Talk Nerdy to Me Suicide Squad,Blade Runner, SPBD

Talk Nerdy to Me Episode 12

This week Jack and Troy from talk about the awesome web site Super Power Beat Down, Suicide Squad Most Wanted: Deadshot and Katana, and Blade Runner.

Super Power Beat Down

The concept of Super Power Beat Down web series is to take two super powered legends and make them battle. Each new episode vieweres will be able to vote to determine the winner. The show is hosted by Marisha Ray, with two debaters, Damian Beurer and Andy Liegl. Together they battle with their sci-f/fantasy knowledge and comic wit to see who they think the winner will be. In addition, experts from specific fields will guest star and contribute valuable information.

Suicide Squad Most Wanted

The six-issue mini will showcase Deadshot and Katana. DC Entertainment is doubling down on its Suicide Squad property ahead of the big screen version. They announced Suicide Squad Most Wanted, a double-sized series showcasing two members of the all-villain super-team.

The six-issue mini-series will run alongside the current New Suicide Squad monthly comic book. It will feature two full-length stories per issue focusing on Deadshot and Katana. Brian Buccellato and Viktor Bogdanovic are the creators on the Deadshot story.  This story will see the assassin get a new contract on Lex Luthor.   Mike W. Barr and Diogenes Neves will be the creators on the Katana story. 

It’s an interesting move, in that the character has never been a member of the Suicide Squad in DC’s current comic book mythology, although she does appear as a member in the upcoming movie. Katana previously had her own solo series in 2013, when the character was also starring in the short-lived Justice League of America title.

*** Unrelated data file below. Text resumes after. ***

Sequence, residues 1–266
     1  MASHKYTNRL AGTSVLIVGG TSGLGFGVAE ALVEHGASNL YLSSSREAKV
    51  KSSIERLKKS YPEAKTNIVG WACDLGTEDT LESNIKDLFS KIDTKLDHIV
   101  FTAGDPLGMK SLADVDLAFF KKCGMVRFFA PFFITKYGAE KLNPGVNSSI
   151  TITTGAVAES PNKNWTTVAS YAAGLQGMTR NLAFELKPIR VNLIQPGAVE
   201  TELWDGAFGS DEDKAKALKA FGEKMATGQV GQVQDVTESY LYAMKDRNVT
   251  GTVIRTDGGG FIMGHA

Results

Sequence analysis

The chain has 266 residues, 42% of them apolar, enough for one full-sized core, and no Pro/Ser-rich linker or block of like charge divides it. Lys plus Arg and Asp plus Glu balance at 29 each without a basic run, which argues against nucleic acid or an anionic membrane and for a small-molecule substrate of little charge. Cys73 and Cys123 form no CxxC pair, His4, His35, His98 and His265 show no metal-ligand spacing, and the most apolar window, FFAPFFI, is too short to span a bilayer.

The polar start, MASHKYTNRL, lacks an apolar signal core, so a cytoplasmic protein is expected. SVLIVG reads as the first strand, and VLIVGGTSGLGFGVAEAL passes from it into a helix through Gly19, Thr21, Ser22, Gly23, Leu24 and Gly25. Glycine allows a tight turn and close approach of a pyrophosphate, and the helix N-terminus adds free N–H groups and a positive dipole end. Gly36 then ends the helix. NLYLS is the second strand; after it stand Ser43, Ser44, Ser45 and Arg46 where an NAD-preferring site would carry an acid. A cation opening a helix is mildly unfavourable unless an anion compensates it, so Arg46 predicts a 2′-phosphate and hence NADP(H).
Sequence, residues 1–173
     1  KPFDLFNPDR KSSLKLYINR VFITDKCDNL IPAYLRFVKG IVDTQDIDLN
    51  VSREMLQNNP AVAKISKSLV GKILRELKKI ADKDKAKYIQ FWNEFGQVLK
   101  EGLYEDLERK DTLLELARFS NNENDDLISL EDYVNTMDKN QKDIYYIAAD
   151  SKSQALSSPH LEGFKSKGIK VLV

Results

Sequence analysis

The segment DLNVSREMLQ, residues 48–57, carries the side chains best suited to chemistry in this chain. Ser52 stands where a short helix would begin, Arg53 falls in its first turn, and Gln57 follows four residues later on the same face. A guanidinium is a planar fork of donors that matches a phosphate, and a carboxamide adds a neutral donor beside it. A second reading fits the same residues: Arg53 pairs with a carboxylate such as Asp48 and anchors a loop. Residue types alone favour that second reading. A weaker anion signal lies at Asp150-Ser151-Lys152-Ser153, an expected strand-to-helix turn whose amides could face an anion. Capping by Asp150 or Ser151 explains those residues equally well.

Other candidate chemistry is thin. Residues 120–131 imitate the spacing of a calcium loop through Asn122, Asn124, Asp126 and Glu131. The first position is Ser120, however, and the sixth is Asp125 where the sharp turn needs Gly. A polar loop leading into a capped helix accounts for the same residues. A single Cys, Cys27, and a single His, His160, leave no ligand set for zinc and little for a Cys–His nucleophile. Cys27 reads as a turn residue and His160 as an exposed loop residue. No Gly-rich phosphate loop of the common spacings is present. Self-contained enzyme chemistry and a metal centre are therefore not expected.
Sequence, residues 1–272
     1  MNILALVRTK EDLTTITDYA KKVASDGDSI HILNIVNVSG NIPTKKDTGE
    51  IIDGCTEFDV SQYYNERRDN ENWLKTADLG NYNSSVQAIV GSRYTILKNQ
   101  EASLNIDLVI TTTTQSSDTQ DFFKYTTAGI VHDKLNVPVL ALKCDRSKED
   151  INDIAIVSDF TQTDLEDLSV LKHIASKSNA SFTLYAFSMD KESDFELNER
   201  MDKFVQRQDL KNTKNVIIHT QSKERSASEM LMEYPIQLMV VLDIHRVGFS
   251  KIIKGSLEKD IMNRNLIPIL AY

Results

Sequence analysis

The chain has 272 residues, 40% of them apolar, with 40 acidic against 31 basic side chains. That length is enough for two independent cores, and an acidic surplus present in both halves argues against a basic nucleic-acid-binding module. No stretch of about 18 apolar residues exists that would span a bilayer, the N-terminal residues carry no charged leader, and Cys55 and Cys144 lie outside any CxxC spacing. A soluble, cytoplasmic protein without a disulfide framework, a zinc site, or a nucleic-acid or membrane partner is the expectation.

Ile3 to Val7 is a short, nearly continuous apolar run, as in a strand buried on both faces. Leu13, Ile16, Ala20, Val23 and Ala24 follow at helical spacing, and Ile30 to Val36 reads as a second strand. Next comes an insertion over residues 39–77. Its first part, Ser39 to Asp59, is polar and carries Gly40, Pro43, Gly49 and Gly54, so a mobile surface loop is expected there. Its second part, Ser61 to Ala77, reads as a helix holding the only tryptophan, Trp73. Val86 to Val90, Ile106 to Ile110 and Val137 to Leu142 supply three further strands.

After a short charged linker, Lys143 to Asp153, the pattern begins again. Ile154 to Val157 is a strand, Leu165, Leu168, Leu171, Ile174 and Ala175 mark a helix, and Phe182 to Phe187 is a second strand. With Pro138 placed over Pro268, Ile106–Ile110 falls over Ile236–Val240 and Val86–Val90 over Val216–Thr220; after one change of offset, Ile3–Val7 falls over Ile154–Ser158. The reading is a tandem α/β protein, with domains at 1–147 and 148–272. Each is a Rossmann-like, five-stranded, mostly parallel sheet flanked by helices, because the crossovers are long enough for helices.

Blade Runner sequel

Ridley Scott directed Blade Runner in 1982.  It stars Harrison Ford, Rutger Hauer, Sean Young, and Edward James Olmos. It is a modified film adaptation of the 1968 novel Do Androids Dream of Electric Sheep? by Philip K. Dick.

The film depicts a dystopian Los Angeles.  Genetically engineered replicants are visually indistinguishable from adult humans.  The powerful Tyrell Corporation manufactures the replicants. The use of replicants on Earth is banned. Replicants are exclusively utilized for dangerous or menial work on off-world colonies. Special police operatives known as “Blade Runners” hunt down and kill (retire) replicants who defy the ban and return to Earth. The plot focuses on a group of recently escaped replicants hiding in Los Angeles. The burnt-out expert Blade Runner, Rick Deckard (Harrison Ford), reluctantly agrees to take on one more assignment to hunt them down.

Initial reception

Blade Runner initially polarized critics.  The pacing displeased some.  Others enjoyed its thematic complexity. The film under performed in North American theaters but has since become a cult film. Hailed for its production design, depicting a “retrofitted” future, it remains a leading example of the neo-noir genre. It brought the work of Philip K. Dick to the attention of Hollywood. Ridley Scott regards Blade Runner as “probably” his most complete and personal film. The library of Congress selected it for preservation in the United States National Film Registry. They deemed Blade runner to be “culturally, historically, or aesthetically significant”. Many critics regard Blade Runner as one of the best science fiction films ever made.

Seven versions of the film have been shown for various markets.  This is a result of controversial changes made by film executives. They released a Director’s Cut in 1992 after a strong response to work print screenings. This, in conjunction with its popularity as a video rental, made it one of the first films released on DVD, resulting in a basic disc with mediocre video and audio quality. 


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